National Insurance originates from The National Insurance Act of 1911 and was then later expanded upon in 1948 with the arrival of the ‘welfare state’ although it has had several amendments since then. It was initially implemented to protect people from times of hardship.
Currently, If you earn over £242 per week from your job or are self employed and make a profit of more than £12,570 a year then you will be liable to pay national insurance contributions. These contributions are not optional and you will see on your payslip how much is being deducted from your wages if you get paid via PAYE. The amount of contributions you pay are dependent upon your wages so if your wages fluctuate, then so will your contributions. If you are self employed then the rate of your national insurance contributionsNa will be finalised with your self assessment tax return that you submit.
National Insurance contributions help build your entitlement for certain benefits such as the state pension when you reach retirement age and other social security benefits that rely on you having paid enough contributions over time.
There are four different classes of national insurance - these are Classes 1-4. Class 1 is paid by both employers and employees while Class 2 contributions are paid if you are self employed although the good news if you fall into this category is that as from this April 2024, you will no longer be required to pay Class 2 contributions. This is predicted to affect around two million of those who are self-employed in the UK. Class 3 is voluntary with the aim of filling in any gaps you may have accrued in your National Insurance record and Class 4 is paid by the self-employed if you earn over a certain limit. The different Classes may be confusing to some so if you are unsure it is always best to seek professional guidance and advice, especially for those who are self employed.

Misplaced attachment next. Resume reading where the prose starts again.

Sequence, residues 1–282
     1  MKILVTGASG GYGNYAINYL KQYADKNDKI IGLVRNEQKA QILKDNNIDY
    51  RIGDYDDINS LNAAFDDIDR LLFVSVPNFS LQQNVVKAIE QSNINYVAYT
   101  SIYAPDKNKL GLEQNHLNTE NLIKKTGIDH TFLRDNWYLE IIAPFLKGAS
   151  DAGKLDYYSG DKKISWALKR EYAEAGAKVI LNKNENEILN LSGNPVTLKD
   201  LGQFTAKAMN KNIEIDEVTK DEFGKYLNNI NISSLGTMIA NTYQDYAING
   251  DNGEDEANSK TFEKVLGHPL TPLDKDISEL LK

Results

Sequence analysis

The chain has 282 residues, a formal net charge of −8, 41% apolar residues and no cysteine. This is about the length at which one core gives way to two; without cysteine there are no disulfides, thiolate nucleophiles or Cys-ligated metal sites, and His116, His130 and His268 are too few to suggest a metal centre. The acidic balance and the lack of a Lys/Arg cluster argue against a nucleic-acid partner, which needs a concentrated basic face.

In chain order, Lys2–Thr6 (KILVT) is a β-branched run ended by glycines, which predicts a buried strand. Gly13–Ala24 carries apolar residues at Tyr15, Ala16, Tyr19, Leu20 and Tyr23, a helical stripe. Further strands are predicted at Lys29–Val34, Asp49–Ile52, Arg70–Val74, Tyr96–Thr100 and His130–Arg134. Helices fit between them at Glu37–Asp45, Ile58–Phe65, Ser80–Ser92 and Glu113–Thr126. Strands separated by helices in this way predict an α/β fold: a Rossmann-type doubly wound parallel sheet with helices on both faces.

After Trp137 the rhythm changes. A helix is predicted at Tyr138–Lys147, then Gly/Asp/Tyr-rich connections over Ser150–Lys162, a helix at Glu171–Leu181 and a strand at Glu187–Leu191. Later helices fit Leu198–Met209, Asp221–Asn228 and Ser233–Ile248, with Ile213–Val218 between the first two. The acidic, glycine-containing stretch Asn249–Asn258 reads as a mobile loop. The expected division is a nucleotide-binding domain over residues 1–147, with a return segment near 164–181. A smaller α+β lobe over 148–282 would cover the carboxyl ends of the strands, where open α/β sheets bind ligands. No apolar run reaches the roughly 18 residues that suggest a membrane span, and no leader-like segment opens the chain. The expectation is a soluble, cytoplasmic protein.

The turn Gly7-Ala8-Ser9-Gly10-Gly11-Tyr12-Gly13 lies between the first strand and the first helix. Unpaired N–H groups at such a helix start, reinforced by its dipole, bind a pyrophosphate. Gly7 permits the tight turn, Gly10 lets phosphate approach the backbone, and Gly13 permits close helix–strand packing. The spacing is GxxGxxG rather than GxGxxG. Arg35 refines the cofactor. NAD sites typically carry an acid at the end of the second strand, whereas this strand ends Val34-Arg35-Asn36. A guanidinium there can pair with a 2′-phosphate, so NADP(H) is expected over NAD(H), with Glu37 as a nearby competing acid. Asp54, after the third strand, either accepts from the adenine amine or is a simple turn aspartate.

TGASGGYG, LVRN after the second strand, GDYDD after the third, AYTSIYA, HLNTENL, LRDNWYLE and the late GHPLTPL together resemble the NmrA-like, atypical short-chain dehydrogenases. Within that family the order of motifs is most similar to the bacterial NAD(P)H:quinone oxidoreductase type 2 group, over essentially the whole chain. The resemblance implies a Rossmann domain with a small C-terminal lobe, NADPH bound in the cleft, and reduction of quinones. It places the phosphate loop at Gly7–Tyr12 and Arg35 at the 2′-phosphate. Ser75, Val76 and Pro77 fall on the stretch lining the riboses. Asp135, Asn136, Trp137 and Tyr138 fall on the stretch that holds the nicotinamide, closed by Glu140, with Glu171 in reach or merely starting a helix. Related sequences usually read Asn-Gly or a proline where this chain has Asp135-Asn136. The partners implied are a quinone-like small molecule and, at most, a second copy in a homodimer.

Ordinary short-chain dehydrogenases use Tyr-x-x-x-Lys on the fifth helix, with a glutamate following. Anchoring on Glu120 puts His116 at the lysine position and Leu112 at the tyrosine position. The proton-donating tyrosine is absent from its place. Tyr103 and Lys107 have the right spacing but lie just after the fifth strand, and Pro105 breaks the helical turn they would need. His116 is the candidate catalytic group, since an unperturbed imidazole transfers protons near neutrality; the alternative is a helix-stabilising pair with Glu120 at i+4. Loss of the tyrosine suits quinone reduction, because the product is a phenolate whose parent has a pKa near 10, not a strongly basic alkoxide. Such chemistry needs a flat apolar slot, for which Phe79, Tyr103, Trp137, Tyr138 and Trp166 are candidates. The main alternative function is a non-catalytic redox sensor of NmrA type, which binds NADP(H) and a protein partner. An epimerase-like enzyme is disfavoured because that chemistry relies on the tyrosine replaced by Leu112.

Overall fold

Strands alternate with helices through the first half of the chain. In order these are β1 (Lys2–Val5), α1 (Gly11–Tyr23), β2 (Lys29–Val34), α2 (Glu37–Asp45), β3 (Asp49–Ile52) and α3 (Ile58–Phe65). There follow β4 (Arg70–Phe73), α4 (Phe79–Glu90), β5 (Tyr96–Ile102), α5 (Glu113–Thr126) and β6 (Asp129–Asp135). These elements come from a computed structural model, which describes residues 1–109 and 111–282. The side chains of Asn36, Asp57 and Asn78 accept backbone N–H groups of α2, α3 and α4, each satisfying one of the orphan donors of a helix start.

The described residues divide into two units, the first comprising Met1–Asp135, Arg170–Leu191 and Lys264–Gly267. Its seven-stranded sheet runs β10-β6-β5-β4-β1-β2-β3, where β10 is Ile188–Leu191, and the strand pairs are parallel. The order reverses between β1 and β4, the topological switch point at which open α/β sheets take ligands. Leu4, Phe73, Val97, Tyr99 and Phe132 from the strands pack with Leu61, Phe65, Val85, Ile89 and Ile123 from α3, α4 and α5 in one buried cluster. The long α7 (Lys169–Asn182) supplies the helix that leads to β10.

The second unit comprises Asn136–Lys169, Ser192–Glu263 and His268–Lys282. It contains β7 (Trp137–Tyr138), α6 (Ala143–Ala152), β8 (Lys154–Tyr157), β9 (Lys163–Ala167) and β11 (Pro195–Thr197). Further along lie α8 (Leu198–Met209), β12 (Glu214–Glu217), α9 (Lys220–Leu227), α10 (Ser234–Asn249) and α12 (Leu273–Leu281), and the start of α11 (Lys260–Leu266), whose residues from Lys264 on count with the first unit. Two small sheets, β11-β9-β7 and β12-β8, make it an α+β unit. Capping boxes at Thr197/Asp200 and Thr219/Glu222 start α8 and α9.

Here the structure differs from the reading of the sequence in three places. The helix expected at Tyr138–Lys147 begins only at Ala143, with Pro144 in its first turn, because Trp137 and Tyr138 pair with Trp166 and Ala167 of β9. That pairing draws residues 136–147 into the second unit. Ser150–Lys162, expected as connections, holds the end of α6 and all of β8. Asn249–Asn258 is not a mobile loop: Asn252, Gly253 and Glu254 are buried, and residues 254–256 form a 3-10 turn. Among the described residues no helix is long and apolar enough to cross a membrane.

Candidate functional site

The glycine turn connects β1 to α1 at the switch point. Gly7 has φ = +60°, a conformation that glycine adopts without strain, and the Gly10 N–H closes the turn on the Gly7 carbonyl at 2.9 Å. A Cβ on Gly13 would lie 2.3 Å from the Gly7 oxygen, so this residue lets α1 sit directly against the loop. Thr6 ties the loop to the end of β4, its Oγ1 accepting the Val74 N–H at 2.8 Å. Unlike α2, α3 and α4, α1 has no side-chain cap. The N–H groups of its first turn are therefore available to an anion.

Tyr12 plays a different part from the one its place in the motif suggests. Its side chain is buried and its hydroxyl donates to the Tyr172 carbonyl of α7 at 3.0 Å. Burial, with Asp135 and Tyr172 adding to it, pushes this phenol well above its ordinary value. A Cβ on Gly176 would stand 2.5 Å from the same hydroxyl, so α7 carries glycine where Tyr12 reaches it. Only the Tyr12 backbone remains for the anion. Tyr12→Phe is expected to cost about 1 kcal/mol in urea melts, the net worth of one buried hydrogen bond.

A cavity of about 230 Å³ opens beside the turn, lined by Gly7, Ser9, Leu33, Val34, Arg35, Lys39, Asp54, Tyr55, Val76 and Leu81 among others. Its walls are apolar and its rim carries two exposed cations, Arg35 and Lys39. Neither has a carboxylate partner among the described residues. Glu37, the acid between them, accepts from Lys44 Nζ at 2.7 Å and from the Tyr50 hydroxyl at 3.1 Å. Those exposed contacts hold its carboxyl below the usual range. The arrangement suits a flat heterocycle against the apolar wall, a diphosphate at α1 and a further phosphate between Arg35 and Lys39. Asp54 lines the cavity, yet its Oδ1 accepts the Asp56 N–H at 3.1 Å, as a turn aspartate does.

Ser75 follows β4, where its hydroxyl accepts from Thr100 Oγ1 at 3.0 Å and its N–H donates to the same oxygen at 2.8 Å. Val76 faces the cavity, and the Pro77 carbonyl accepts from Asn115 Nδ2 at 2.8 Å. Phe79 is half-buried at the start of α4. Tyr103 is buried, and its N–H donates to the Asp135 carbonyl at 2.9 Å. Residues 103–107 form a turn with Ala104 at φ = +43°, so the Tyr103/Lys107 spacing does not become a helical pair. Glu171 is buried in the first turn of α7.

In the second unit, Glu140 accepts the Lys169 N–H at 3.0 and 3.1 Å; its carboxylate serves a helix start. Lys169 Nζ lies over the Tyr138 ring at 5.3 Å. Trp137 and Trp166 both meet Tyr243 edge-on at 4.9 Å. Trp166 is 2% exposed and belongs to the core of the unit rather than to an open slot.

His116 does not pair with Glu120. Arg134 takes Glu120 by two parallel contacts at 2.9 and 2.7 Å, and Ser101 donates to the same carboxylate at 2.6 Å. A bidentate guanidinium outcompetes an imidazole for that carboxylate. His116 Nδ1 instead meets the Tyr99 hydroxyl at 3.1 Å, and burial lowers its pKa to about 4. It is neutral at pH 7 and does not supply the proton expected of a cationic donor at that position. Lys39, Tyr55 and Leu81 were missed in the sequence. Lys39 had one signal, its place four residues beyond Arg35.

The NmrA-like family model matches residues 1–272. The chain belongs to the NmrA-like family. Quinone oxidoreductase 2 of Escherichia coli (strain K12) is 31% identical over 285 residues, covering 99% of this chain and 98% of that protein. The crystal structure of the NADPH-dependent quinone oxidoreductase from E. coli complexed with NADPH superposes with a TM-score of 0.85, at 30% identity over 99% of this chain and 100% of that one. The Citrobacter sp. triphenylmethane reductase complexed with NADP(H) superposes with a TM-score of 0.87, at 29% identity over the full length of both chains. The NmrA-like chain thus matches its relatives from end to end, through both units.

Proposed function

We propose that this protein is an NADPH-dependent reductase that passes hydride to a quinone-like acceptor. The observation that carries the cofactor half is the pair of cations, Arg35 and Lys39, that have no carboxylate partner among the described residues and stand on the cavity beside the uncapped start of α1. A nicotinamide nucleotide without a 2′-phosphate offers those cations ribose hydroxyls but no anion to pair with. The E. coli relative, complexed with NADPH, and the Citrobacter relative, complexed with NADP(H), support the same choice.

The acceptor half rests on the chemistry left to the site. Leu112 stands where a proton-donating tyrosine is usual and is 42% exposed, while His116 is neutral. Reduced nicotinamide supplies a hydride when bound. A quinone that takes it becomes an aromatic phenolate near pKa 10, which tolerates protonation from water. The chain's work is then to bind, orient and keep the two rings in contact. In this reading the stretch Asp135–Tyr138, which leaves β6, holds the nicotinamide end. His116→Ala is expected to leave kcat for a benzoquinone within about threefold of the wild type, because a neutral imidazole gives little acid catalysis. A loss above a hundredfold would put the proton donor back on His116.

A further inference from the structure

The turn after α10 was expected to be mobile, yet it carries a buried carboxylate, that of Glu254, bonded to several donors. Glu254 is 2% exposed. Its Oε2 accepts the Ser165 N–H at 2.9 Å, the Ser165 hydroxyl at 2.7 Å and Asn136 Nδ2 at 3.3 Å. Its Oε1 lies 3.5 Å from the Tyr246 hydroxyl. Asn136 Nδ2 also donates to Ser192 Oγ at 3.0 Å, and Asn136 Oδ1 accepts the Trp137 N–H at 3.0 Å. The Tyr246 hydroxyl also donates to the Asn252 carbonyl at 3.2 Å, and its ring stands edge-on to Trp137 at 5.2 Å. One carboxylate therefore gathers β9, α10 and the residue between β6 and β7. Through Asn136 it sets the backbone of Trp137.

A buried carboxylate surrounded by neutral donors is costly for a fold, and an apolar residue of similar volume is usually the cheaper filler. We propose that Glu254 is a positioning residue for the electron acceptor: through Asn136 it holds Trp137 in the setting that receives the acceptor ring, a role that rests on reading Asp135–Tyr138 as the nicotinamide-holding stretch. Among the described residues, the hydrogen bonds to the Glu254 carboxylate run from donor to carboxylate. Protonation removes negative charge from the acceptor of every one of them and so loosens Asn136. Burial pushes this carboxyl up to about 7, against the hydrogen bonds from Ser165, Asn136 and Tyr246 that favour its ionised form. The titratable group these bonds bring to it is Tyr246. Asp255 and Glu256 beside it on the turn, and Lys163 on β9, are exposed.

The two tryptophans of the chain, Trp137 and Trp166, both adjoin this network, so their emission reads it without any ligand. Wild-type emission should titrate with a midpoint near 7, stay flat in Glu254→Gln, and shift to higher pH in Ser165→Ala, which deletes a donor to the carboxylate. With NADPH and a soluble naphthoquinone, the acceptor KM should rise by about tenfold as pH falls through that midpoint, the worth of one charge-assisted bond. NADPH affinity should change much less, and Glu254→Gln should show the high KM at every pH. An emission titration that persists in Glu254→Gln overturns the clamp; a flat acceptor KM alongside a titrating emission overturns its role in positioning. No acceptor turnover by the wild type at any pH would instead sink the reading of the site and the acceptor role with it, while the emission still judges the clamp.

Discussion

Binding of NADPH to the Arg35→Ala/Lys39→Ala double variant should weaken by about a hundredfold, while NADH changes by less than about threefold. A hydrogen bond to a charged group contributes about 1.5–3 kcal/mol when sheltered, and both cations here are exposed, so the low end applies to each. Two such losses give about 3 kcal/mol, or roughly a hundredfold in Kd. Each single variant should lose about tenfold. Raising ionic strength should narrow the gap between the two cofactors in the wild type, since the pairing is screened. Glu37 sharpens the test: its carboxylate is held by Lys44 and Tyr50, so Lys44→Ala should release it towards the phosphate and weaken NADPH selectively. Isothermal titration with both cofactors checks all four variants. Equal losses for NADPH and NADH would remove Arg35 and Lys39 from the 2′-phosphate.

However, as from last week on January 6th, the national insurance rates were cut by 2%, from 12% to 10% which may not appear to be much yet it will make a significant difference to many workers in the UK, (around 27 million!) and the impact will be seen in January’s wages. A few examples are as follows. A person who earns a salary of £25,000 each year will be £20.72 better off each month while someone earning £40,000 will see an extra £45.72 each month and with the cost of living crisis still evident, it will be a welcome post Christmas gift for many.